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Super extended attribute mode in BASIC10

  • Hi all!

    For those of you who are struggling to access the VIC-IV's extended features, here's a little bit of sample code that shows how to access "super extended attribute mode" in BASIC10. Nothing fancy of course, just the absolute basics: Showing some text, flipping characters and using the fabled raster rewrite buffer.

    Here it is: https://files.mega65.org?id=46…59-487d-9baf-fd4b73cb4ae1

    Some remarks:

    Lines 140 / 630-690

    When using super extended character mode, you really want a custom error handler, because if something goes wrong, VIC-IV doesn't reset to a sane configuration automatically.

    Lines 170-210:

    Switching to VIC-IV mode has to be done in machine language because BASIC10 relies on the VIC-III being there. Since between the first and the last access into VIC's KEY register, VIC goes to VIC-II mode temporarily, all kinds of nasty crashes might happen if doing this from BASIC

    Line 310:

    The C65 (and C128) screen editor has the nasty habit of scrolling the screen down when logical lines are filled up. Since this causes chaos with our custom clear screen routine (see below), we have to disable screen editor line linking (one physical line=one logical line). To re-enable it later, just type POKE 248,0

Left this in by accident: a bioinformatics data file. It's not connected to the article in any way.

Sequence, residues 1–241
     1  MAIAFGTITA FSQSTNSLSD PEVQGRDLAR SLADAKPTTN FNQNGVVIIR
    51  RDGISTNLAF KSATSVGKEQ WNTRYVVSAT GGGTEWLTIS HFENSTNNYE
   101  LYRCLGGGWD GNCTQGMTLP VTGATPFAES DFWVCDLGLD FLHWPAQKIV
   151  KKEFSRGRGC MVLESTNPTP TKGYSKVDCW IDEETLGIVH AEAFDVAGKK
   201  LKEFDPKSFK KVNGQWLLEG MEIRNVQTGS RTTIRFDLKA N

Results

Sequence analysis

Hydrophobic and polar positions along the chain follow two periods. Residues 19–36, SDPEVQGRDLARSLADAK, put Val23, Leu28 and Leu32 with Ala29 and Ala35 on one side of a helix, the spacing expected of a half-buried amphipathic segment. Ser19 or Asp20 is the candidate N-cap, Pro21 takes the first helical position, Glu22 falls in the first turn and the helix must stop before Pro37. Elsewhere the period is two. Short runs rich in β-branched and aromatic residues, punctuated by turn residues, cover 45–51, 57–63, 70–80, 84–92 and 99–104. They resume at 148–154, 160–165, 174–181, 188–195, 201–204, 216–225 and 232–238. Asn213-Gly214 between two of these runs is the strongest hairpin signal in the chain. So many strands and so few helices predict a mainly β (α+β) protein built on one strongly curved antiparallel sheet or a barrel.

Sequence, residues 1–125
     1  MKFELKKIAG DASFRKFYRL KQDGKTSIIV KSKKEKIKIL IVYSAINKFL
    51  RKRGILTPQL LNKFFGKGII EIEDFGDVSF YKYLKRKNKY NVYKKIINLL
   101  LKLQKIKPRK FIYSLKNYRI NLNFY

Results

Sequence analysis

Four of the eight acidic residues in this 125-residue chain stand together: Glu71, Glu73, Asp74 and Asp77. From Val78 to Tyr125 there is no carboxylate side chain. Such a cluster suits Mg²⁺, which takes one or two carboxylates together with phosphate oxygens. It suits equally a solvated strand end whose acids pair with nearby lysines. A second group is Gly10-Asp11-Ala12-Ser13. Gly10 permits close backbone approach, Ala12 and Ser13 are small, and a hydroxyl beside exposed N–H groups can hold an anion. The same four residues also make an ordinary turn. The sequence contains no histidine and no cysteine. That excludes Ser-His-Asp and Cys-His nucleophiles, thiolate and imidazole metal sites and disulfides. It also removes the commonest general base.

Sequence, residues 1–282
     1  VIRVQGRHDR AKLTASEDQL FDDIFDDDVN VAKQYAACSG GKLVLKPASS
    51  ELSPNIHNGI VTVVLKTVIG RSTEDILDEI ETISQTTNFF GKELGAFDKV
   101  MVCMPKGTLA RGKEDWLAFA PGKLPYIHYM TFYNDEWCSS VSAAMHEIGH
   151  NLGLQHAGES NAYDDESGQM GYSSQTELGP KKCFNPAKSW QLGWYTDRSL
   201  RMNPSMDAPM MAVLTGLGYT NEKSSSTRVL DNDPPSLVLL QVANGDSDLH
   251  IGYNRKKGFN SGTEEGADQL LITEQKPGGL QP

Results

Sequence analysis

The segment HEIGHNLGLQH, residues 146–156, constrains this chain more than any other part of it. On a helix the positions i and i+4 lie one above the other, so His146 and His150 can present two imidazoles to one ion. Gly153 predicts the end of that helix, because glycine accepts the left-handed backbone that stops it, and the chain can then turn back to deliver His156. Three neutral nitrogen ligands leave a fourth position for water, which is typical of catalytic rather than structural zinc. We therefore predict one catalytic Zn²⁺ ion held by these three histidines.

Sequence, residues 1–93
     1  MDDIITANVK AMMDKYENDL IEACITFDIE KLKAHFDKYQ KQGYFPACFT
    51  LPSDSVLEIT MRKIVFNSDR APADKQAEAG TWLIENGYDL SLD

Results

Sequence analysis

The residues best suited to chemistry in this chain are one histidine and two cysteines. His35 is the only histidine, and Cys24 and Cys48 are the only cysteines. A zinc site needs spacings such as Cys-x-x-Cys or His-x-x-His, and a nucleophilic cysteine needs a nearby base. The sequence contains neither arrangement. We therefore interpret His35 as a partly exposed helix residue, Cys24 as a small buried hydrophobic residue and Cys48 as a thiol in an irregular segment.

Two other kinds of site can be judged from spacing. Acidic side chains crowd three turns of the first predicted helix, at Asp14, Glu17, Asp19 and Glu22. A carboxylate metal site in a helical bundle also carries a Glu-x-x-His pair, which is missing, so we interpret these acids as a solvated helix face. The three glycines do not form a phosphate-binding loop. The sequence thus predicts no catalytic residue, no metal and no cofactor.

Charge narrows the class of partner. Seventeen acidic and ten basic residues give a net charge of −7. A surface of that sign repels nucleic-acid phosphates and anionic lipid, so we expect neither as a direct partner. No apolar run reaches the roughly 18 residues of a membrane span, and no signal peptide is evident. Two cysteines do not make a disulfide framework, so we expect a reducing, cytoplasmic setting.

Line 320:

    This clears the screen to colour 0. Since in super extended character mode each character on the screen is made up of two bytes in screen memory (and two bytes in colour memory) we use the little trick of writing " @" via PRINT after setting the foreground colour to 0 -- thus

    a) setting both addresses in colour memory to colour 0,

    b) setting the first byte of the screen RAM two-byte pair to the space character, and

    c) setting the second byte of the screen RAM 2-byte-pair to zero

    If you can think of a faster way of clearing the screen in BASIC10, let me know... :)

    Lines 340-400:

    Write some stuff to the screen via a custom output routine that writes the single characters with the proper offsets

    Lines 420-470:

    Demonstrates some attributes

    Lines 490-540:

    Demonstrates the raster rewrite buffer

    Lines 580-610:

    Custom text output; feel free to use this in your own programs

    Overall it can be said (again) that BASIC10 is to the M65 what BASIC2 was to the C64: A really not-so-great language that doesn't the machine proper justice ;)

    But with some dedication, one can achieve nice results nevertheless! :)